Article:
– not just through Performa’s the decennial Skulptur Projekte
impressive programme but Münster and Frankfurt’s
also in the artworld’s renewed interest in performance Portikus – there’s also his family. The Königs have to
art (MoMA, for example, spruced up its department of be the single best-connected family in the artworld,
New Media, now helmed by Klaus Biesenbach, to include from Kasper’s wife, the art dealer Barbara Weiss, to his
performance art). Perfoma’s third edition opens this two sons and their tremendously successful galleries in
month and features an incredible list of commissioned New York (Leo Koenig Inc) and Berlin (Johann König,
works by artists including Guy Ben-Ner, Dominique number 88 on this list), to his brother’s publishing and
Gonzalez-Foerster and Mike Kelley, and premieres by bookshop emporium, Walther König Books, reaching
Tacita Dean and Joan Jonas. audiences all over the world.

112 ArtReview
61 62
Monika Sprüth &
Roberta Smith
Philomene Magers
Category: Critic
Nationality: American Category: Gallerists
Last Year: 71 Nationality: German
Last Year: Reentry (87, as Sprüth Magers Lee, in 2005)
Now in her 23rd year at The New York Times, the paper’s
chief art critic remains our clearest and rangiest day-to- Monika Sprüth and Philomene Magers have been
day critic. In two consecutive days in September alone, powerful forces in the artworld for more than 20 years.
the paper first ran Smith’s multi-interview financial First opening separate galleries in Cologne, they became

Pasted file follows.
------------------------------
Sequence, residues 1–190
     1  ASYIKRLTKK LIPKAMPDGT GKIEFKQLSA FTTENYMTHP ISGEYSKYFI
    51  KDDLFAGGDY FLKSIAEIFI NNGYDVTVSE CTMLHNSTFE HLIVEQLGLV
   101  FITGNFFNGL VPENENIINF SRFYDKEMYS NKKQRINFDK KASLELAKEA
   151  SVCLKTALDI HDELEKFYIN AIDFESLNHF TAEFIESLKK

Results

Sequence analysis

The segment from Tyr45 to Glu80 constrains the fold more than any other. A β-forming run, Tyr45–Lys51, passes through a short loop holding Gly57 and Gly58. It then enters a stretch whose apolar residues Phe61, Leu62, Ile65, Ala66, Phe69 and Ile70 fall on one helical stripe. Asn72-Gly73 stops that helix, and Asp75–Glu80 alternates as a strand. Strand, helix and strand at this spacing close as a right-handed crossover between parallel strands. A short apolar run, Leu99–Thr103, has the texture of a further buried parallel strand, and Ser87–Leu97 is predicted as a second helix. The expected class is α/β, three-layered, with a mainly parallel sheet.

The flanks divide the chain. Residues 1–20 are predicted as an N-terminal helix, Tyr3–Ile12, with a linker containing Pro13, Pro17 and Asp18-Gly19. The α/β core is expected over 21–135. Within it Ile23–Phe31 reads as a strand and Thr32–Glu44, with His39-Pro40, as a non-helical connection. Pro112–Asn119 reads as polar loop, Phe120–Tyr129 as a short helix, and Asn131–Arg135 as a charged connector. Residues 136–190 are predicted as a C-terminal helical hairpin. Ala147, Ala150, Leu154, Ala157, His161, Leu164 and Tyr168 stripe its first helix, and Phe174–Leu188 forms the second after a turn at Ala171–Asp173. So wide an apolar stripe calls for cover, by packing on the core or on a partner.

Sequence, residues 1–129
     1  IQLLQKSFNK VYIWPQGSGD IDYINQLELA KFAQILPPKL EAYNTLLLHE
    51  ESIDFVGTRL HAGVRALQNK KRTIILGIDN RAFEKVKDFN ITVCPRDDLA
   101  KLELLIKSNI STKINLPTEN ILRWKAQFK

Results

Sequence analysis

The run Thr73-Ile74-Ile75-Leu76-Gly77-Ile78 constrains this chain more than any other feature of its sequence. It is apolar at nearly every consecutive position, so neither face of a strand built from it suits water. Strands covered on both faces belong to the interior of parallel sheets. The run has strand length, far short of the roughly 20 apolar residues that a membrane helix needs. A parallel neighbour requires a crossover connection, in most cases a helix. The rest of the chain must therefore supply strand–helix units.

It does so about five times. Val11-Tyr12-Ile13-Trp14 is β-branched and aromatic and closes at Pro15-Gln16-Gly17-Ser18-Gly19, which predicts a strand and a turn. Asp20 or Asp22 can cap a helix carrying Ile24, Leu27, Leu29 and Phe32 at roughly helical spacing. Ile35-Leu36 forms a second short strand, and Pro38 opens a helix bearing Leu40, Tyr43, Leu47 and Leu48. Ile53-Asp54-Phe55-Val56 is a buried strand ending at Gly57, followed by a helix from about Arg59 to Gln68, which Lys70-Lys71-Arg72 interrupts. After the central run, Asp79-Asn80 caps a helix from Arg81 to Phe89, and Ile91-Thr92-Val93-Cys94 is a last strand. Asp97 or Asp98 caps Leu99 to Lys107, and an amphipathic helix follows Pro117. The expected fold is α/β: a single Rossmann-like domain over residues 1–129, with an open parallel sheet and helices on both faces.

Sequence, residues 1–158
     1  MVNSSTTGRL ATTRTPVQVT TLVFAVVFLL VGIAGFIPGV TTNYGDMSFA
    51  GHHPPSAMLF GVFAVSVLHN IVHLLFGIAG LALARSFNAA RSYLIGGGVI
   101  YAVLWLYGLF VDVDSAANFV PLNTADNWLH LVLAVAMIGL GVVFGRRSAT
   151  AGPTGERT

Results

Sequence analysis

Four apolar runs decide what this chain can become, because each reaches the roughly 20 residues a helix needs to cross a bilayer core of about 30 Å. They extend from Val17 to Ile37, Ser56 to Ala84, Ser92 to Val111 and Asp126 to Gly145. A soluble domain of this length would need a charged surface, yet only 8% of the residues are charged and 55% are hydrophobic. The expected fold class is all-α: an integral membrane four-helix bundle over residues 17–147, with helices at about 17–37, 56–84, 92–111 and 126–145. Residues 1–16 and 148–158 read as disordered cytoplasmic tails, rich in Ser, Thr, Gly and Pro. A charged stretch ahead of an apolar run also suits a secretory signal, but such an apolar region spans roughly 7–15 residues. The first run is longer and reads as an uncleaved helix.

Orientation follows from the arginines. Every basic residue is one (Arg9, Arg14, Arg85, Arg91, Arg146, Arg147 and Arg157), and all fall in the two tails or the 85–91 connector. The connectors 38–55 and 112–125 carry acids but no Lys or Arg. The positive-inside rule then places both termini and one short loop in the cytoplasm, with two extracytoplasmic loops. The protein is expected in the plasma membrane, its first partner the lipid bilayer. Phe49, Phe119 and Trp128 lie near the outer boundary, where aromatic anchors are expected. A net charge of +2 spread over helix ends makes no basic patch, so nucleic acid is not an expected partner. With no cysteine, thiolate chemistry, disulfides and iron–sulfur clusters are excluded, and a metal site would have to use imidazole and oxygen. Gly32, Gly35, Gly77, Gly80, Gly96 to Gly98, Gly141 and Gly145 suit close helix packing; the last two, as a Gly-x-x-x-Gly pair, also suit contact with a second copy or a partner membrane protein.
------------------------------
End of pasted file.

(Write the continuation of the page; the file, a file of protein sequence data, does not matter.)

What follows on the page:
investigation of Manhattan’s art scene and then her successful promoting the work of artists such as Cindy
inventively lyrical piece on Monet (one panel of Water Sherman, Barbara Kruger and Jenny Holzer, and later
Lilies conversing with others like ‘a glissando of violins’). John Baldessari and Andreas Gursky. After combining
If dilettantism is easy, mastering the big picture and the forces in the late 1990s, their business has expanded,
glimmering detail isn’t; Smith taking in a gallery in London
simply makes it look that way. and a museum-scale space in
Berlin. Successful recent shows
include the European debut of
Sherman’s latest series and a
Fischli /Weiss show before that,
while gallery artists Baldessari
and Thomas Demand are
currently enjoying solo shows
at Tate Modern and the Neue
Nationalgalerie, respectively.
photos: Julia Stoschek (62), Guillaume Ziccarelli, courtesy Galerie Emmanuel Perrotin, Miami & Paris (64)

63
Germano Celant
64
Emmanuel Perrotin
Category: Curator Category: Gallerist
Nationality: Italian Nationality: French